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Basic momentum and magnitude questions!

  1. Dec 9, 2009 #1
    1. A student wearing frictionless in-line skates on a horizontal surface is pushed by a friend
    with a constant force of 47 N. How far must the student be pushed, start-
    ing from rest, so that her final kinetic energy is 354 J ?
    Answer in units of m.

    for this i did 354/2 which i got 177 then i divided by 47 . is that correct?

    2 (part 1 of 2) A 4.78 g bullet moving at 510.8 m/s penetrates a tree trunk to a depth of 4.93 cm. a) Use work and energy considerations to find the magnitude of the force that stops the bullet.
    Answer in units of N.

    for this i did KE=1/2mv^2 and i found the answer and did f=ma. is that right??

    3. (part 2 of 2) b) Assuming that the frictional force is constant, determine how much time elapses between the moment the bullet enters the tree and the moment the bullets stops moving.
    Answer in units of s.

    for this one i just did vf^2=vi^2+2at. is that correct??

  2. jcsd
  3. Dec 9, 2009 #2
    The first part is wrong. You need to use the following formula:

    [tex]Work = Force * Distance[/tex]

    So it should just be 354/47, giving you 7.5 meters.

    I can't tell from what you've written if you're right on part 2 or not, so here's how you do it. You need to set the kinetic energy of the bullet equal to the work done to stop it, which you can relate to force -- the answer you're looking for. Mathematically:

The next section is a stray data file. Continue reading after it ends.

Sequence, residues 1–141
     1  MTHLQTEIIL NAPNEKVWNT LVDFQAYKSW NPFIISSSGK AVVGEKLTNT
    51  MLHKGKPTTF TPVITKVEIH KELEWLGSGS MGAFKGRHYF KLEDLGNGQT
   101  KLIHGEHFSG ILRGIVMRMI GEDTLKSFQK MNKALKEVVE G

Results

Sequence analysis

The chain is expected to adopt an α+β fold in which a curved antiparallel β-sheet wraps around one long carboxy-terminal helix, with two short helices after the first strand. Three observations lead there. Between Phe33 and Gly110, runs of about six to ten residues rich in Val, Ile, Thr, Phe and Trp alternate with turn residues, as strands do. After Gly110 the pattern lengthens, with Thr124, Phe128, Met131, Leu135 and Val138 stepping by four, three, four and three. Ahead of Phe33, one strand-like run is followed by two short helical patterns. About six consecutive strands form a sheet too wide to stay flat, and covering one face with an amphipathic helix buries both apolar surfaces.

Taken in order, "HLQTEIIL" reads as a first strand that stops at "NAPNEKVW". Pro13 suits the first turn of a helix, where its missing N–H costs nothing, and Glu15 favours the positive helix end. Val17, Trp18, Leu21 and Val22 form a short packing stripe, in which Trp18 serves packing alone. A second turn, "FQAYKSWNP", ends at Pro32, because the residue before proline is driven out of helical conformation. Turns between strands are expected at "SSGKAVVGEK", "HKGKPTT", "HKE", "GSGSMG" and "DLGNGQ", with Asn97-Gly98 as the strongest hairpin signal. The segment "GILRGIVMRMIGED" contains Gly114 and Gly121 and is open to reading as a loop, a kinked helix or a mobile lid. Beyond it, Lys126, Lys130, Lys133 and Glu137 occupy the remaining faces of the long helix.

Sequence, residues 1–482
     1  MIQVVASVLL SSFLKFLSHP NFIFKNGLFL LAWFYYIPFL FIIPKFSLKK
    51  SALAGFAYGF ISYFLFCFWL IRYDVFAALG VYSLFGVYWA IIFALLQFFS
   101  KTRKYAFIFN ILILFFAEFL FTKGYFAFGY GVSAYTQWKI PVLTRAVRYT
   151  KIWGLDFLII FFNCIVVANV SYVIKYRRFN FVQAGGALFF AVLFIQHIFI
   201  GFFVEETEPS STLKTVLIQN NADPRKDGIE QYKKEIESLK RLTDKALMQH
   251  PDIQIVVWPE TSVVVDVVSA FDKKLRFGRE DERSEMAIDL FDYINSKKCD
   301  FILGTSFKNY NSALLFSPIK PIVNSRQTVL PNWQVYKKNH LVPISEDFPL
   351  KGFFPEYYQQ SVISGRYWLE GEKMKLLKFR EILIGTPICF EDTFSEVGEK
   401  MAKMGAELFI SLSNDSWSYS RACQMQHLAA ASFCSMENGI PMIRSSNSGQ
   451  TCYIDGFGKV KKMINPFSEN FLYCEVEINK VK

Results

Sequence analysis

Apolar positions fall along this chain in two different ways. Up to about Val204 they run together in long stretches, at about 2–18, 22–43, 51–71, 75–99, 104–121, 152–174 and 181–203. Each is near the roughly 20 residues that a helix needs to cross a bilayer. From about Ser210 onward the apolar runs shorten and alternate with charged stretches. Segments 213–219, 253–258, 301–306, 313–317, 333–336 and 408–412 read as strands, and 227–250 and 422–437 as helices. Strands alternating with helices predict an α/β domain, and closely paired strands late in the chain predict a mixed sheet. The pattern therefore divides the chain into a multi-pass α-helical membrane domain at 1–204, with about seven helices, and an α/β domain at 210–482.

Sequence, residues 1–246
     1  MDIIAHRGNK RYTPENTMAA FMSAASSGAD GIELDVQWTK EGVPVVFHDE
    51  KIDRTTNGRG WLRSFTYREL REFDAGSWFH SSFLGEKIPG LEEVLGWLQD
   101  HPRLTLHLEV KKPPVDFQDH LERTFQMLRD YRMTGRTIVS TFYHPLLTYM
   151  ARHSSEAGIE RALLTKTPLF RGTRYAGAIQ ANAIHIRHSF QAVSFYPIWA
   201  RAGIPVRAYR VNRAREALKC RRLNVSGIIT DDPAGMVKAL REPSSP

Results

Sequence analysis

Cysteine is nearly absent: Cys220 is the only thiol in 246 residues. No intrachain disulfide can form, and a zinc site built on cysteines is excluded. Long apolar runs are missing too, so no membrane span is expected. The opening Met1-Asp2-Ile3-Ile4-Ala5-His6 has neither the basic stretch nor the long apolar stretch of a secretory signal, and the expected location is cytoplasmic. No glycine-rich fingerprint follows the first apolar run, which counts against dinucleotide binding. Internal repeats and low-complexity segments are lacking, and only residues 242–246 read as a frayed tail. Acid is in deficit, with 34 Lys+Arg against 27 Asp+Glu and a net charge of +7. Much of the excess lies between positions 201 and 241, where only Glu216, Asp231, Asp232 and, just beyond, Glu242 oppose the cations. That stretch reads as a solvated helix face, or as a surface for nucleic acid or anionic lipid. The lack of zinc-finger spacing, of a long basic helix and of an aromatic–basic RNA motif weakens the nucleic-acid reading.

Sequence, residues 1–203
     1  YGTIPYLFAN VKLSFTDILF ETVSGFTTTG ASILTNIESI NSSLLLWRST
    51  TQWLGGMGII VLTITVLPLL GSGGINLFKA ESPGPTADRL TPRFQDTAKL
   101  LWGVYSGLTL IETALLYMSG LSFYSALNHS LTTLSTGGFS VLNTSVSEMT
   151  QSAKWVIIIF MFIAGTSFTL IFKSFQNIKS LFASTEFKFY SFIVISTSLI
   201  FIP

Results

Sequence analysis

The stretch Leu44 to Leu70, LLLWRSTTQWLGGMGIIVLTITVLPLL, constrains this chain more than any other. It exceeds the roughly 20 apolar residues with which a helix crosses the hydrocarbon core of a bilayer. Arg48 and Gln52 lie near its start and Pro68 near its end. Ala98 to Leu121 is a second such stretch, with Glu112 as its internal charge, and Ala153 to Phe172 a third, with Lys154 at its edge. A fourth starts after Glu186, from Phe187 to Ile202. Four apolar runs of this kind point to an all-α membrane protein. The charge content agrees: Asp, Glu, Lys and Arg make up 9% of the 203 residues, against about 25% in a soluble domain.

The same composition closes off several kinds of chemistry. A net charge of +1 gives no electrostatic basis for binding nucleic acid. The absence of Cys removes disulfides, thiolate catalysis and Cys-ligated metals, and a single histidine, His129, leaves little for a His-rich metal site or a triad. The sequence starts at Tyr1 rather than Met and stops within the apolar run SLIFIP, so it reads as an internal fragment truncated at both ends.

[tex]\frac{1}2mv^2 = W = Fd[/tex]

    You know the mass and the velocity of the bullet. You know the distance d it travels inside the trunk. Solve for F and you should get about 12,650 newtons (but check my work).

    For part 3....knowing the force it took to stop the bullet, you can figure out the acceleration from F = ma. Once you know the acceleration, you put it into the following kinematics equation:

    [tex]x = v_it + \frac{1}2at^2[/tex]

    where t is the time you need to solve for. You know x (distance bullet travels inside tree), you know initial velocity (510.8 m/s), and you know the acceleration that you calculated above. Solve for time t, but you will need the following quadratic equation:

    [tex]1323106.69t^2 + 510.8t - .0493 = 0[/tex]

    You will get two values: 8 x 10^-5 seconds or -4.66 x 10^-4 seconds. You have to dismiss the second value on physical grounds (can't have negative time). So you should get get about 8 x 10^-5 seconds. Again, check my work, but that answer makes sense intuitively. The bullet should stop really quickly given the enormous force opposing its motion.
  4. Dec 9, 2009 #3
    ohh i see. okay i understand part 1 completly but not part 2.
    so i have to find time right? where did you get 1323106.69 from like i got 2646213. hmm. im confused.lol
  5. Dec 9, 2009 #4
    It's just divided by two to get a simpler constant in front of the t^2.
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